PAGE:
It is only fitting that the authority charged with overseeing SMSFs also has the power to bar persons from serving as trustees or directors of corporate trustees. This can happen if there are doubts about the individuals’ eligibility for the post of trustee or if they fail to comply with the statutory laws; in other words, disqualified SMSF trustees.
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What happens if I am disqualified?
If a trustee becomes disqualified, they are required to resign immediately per section 126K of the Superannuation Industry (Supervision) Act (SIS Act). As they have no legal means of appointing a substitute personal representative. The trustee, whether an individual or a corporation, will determine the next steps for the fund during this six-month reorganisation phase.
How do I know I am disqualified?
You may be wondering what the criteria for disqualification are. Although the answer will vary from case to case, there are three scenarios in which an SMSF might be disqualified under the SIS Act’s section 120:
- Conviction for a crime involving dishonesty, such as tax fraud or dealing in stolen goods, or involvement in such crimes.
- Having a civil penalty order issued against you, which usually consists of a monetary fine like a parking ticket you forgot to pay.
- Involvement in a personal insolvency agreement under Part X of the Bankruptcy Act 1966 is considered the same as being an undischarged bankrupt under that law.
Basic Conditions of s17A
In addition, you have numerous choices if your fund no longer satisfies the standards under section 17A of the SIS Act. You have six months to decide whether to reorganise your fund, convert to a small APRA fund, or wind it up and transfer the assets to an APRA-regulated fund.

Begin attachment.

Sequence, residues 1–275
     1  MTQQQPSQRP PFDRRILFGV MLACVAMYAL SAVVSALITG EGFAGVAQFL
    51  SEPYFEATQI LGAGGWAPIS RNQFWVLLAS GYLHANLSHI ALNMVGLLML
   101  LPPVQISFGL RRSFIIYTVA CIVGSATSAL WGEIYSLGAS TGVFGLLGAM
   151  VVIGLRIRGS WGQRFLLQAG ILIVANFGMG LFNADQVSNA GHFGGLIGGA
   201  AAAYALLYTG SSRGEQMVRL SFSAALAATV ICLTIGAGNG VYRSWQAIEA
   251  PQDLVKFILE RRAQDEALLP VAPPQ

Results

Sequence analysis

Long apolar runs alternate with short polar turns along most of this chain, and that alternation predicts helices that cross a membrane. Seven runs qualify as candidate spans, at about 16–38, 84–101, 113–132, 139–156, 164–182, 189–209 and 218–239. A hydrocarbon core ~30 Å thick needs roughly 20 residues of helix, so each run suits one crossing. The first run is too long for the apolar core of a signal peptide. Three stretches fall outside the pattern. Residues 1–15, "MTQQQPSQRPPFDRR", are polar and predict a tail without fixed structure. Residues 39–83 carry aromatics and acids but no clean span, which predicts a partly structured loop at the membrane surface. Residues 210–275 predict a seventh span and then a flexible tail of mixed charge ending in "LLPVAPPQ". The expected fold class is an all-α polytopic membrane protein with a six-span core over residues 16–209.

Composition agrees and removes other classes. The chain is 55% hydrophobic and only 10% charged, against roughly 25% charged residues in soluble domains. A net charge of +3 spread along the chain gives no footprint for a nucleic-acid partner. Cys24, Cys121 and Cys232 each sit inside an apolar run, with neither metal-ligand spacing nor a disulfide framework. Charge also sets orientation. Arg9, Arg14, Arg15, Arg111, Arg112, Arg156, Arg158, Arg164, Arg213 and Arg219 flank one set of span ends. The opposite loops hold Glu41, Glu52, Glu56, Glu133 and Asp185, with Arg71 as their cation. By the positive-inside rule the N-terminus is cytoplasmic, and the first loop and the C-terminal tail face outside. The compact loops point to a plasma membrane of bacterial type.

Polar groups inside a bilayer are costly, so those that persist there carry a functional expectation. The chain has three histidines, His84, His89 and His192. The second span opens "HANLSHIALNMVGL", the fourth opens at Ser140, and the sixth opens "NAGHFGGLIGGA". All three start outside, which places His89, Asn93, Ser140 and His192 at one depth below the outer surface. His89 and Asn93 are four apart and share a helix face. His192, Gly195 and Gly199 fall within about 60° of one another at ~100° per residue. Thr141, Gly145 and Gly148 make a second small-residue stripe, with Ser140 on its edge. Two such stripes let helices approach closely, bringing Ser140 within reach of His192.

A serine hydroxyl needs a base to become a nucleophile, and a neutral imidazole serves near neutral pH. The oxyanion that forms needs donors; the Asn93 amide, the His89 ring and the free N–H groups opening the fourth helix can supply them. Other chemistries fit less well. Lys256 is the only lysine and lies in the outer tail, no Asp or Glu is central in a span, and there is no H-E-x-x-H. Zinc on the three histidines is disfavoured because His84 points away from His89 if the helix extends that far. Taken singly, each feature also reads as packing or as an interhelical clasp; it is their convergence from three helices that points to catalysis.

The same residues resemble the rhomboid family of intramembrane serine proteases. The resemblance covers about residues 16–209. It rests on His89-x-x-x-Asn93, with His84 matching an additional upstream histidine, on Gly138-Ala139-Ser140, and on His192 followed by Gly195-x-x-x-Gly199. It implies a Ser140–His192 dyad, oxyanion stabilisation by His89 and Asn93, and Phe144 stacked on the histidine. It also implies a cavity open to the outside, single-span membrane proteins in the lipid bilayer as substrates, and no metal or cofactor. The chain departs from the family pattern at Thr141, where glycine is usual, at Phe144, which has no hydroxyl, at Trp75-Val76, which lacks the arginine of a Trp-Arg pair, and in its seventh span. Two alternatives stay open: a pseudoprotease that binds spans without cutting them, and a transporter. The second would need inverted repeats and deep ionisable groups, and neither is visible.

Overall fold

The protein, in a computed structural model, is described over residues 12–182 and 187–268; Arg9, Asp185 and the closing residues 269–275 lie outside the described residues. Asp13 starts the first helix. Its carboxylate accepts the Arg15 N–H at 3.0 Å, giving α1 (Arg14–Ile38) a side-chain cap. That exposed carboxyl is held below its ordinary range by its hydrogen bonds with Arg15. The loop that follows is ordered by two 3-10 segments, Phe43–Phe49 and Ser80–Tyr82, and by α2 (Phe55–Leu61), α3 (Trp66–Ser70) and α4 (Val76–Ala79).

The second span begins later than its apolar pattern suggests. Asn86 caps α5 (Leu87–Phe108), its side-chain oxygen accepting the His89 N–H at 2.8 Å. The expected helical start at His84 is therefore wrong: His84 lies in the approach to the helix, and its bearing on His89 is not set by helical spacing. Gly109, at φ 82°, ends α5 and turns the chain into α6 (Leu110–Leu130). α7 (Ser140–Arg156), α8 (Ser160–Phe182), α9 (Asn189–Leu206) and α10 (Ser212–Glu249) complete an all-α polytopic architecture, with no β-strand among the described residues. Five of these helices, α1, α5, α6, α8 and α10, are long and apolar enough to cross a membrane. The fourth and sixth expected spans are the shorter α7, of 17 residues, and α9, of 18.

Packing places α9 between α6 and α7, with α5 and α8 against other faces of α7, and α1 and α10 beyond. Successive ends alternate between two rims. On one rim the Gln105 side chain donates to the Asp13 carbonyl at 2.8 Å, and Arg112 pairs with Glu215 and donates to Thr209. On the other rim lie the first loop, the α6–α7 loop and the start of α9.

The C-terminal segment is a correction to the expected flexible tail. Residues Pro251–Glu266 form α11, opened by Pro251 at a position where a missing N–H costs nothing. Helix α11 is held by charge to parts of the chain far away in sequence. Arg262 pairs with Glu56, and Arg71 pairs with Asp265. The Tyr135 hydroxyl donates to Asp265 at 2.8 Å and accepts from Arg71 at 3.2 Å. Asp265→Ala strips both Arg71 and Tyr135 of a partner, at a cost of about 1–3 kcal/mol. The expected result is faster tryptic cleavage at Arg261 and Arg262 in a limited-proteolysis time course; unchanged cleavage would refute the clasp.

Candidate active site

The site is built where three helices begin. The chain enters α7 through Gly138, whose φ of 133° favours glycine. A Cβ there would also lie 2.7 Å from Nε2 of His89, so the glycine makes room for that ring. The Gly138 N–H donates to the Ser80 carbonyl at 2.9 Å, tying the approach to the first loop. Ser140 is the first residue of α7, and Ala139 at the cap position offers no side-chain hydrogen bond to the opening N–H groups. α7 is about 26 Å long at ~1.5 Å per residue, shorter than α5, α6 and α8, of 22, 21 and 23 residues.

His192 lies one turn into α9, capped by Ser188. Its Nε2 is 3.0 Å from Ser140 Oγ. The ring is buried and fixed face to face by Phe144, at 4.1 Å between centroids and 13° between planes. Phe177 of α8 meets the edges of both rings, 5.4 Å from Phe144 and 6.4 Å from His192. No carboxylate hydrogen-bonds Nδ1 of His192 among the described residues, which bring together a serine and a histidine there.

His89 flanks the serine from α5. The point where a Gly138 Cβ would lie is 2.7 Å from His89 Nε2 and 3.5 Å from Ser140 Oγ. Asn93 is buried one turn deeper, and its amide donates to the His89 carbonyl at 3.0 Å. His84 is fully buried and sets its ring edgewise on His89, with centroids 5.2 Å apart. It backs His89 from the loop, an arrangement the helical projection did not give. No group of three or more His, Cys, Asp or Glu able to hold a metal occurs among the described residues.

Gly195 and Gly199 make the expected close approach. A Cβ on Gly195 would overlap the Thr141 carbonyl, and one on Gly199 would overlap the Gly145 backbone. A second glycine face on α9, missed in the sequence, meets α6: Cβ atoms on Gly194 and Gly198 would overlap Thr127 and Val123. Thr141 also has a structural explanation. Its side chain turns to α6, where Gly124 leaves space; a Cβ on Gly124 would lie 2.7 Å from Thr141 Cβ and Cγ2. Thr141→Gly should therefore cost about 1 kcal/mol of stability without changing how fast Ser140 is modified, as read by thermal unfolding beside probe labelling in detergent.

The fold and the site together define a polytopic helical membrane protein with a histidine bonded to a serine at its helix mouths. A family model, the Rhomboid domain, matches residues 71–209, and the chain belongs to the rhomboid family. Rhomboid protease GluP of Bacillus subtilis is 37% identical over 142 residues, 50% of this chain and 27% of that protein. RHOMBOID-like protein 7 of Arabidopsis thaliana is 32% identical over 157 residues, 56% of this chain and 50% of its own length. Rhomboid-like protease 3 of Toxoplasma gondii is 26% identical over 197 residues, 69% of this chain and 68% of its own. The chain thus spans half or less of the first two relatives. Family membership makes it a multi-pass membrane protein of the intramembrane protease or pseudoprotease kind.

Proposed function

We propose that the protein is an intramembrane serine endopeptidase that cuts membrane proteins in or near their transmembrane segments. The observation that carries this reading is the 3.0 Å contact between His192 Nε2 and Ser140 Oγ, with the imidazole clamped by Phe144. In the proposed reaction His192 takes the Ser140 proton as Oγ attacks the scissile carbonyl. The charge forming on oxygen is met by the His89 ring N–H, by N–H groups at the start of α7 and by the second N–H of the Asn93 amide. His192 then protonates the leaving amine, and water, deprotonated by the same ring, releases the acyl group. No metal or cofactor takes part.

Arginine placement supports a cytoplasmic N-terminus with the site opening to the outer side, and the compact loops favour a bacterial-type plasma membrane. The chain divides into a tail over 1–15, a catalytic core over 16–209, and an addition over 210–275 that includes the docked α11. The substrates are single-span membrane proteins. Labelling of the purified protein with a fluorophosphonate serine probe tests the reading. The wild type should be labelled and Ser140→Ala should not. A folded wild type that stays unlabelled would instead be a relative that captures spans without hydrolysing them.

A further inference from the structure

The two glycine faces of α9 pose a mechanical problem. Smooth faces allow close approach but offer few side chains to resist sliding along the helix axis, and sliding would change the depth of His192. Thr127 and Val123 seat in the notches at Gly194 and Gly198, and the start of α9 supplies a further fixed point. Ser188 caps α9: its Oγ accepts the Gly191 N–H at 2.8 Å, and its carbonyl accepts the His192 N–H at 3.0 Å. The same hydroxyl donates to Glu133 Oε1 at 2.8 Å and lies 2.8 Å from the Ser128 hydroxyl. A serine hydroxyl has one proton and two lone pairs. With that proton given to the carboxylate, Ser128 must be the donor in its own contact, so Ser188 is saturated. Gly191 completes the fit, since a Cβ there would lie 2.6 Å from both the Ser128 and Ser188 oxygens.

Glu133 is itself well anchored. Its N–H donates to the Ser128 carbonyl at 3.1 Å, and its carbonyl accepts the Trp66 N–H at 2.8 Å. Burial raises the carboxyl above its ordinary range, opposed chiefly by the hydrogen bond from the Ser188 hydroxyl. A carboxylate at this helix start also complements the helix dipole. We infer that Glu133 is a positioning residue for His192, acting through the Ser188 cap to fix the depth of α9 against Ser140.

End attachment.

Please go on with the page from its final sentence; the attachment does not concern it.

In the most likely scenario, an SMSF has six months to reorganise if it no longer fits the basic standards before it is forced to become an APRA fund. If this happens, the fund will need to choose a replacement trustee, ideally someone who is already a member of the fund and is related to the current trustee. Alternatively, the fund may choose to wind down and transfer its assets to an APRA-regulated fund, as was previously noted.
In conclusion, the Superannuation Industry (Supervision) Act outlines the grounds for disqualification and the options available if a fund no longer meets the basic conditions. Trustees must act within a six-month window to restructure, appoint a new trustee if needed, or consider transitioning to a small APRA fund or transferring funds to an APRA-regulated fund. By staying informed and compliant, trustees can safeguard members’ retirement savings and ensure the smooth operation of their SMSFs.
Need assistance regarding self-managed super funds (SMSFs)? We’re here to help! Our team of knowledgeable experts is ready to provide guidance and support tailored to your specific needs. Whether you’re a trustee seeking clarification on SMSF regulations or require assistance with restructuring your fund, we’ve got you covered!